Mpumi: Yeah, it’s kind of like a boxing match. Like the room was like buzzing, full of people talking. You know like this kind of anticipation. And Femi Kuti right afterwards, we’re thinking people are here to see Femi. So we go on stage knowing this. And then Linda’s amps started fucking out or his guitar and the speakers were going weird, on and off and then there was a point where he couldn’t get any sound at all so he threw the guitar and stormed off stage. And the crowd was just like “wow” and when they did that reaction we were kind of like, “oh, they’re with us.” So we just kept going for the rest of the song. And I remember looking over and just seeing Knox talking to Linda and I asked him after the show what he said to him and he said, “you’re the vocalist. It’s not necessarily just about the guitar so go out there and be the vocalist”. So we played the last three songs without Linda’s guitar, just him singing. And looping the vocals on a delayed pedal, just like figuring it out. It was one of the best shows we’ve had. So that’s the kind of thing, I didn’t even wonder like I wish we had recorded it, like it was fucked up, but I knew, you know what I mean? When I think about yesterdays show like, that’s weird because I didn’t feel it was awesome but people said it was. You almost feel weird as the musician like I wish I could know what just happened.
– knocking. Tshepang arrives –
Mpumi: There’s beer in the fridge
So where were we? Improvisation.
Mpumi: Tshepang, what can you tell us about improvisation?
Tshepang: In general?
And recording and playing live and Mali and mistakes?
Tshepang: OK, I’ll talk about improvisation and mistakes. With me, personally, I always improvise. Whatever I do is improvisation. I don’t play the same thing all the time. It’s hard for me to do. You know musicians say that if you can’t play what you’ve played you’re not good but, uh yeah, I can’t do that.
So how do you quantify that? Like your audience expects the same thing again. How do you feel about that?
Tshepang: I mean with grooves, I can play the grooves but I always get some improv in there because I get tired of playing the same thing. And then I mean, mistakes, if I’m improvising how can I make mistakes?
So let’s say on the album you’re about to record, you’ve rehearsed, you’ve done the demos, you’ve recorded the whole album and it ends up a certain way and then by the time you’ve toured it for a year? The songs aren’t the same anymore.
Mpumi: Pretty much. I mean the best example of that is “It’s In Everything”. It’s on the Zol EP. The first song. It’s also on the Mystery EP, but it’s more of a guitar thing with like basically no drums. And on the Zol EP it’s like Tshepang driven which is like drums and this straight beat. And then when we play it live, we don’t play it with that beat, we play it with a different beat. There’s this continuous movement of our compositions.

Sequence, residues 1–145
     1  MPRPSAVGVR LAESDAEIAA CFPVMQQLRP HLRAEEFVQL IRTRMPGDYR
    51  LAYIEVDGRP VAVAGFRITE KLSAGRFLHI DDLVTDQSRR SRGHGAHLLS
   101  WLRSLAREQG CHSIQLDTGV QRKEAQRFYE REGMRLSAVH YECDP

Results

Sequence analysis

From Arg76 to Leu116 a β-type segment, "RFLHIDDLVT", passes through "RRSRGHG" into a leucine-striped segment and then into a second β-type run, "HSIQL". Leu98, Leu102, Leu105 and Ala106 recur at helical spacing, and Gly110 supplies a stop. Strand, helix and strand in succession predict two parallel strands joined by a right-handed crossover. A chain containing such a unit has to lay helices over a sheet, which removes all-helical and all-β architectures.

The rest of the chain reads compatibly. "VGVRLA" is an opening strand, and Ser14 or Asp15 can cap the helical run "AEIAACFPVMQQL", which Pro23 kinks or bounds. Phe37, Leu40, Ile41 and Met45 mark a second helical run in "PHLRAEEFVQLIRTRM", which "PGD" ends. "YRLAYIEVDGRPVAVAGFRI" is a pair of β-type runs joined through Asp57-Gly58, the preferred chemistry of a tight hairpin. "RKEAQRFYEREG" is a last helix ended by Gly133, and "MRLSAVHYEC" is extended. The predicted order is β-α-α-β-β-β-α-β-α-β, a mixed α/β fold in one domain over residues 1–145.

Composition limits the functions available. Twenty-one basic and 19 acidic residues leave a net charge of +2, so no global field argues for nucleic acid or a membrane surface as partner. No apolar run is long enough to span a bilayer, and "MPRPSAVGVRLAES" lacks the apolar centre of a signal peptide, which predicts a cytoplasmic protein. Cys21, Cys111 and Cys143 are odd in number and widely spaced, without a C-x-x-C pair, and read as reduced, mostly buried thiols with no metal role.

Tshepang: It’s like “Lakeside”. We’ve released Lakeside three times. It’s always something different.
But now, how important is it to keep documenting the changes?
Mpumi: Very important. It’s the one thing that’s been unique to BLK JKS in my opinion, when I look at our peers or other people that we feel are doing good shit. It’s almost like recording something old again, kind of gives you the real picture of where you are.
OK, I just want to go back to this maybe Mali thing. If the songs are ready by the time you leave, what does Mali bring to the equation?
Mpumi: You’re more flexible when you know your story. You know we definitely have these ten songs that we definitely want to attend to. It’s almost easier to be like, “let’s do this. Let’s spend this day recording with these guys,” or listening to ambient sounds and throwing them into the pool.
And you’ve been to Mali?
So you just feel the energy?
Mpumi: Going to Mali is like going to Mars. It’s like a different language. If you’ve seen Star Wars, talk about location. It looks like R2-D2 is going to roll out in a little shack. It’s the spirit, you know. People always want to go to New York or go to London, you know what I mean. Guys that came before us, the legendary Bra Hugh was forced into that situation, going to Ghana, but brilliant things came from that. It doesn’t always have to come from a point of exile. You can make that decision. We can be, just mentally free yourself up to just go, “I want to go record”.
OK, so last question is like, who’s producing the album?
Mpumi: There’s some names.
Tshepang: Butch Vig.
Mpumi: No, there’s a guy called John Congleton and he’s worked with everybody from the Erykah Badu, Massive Attack, Explosions In the Sky, R. Kelly. If the producer has worked with Kelis then that’s where we want to be. So yeah, Secretly have put him forward. He’s done work with bands on the label so he seems like a cool dude. For now that’s what’s being thrown around. I mean it could be anybody, but we think his CV is quite stellar.
Because there are rumours you know about some other big names.
Tshepang: What rumours?
Let’s stop the recording right there, we don’t want people speaking
Tshepang: What names?!
– Recording Stops –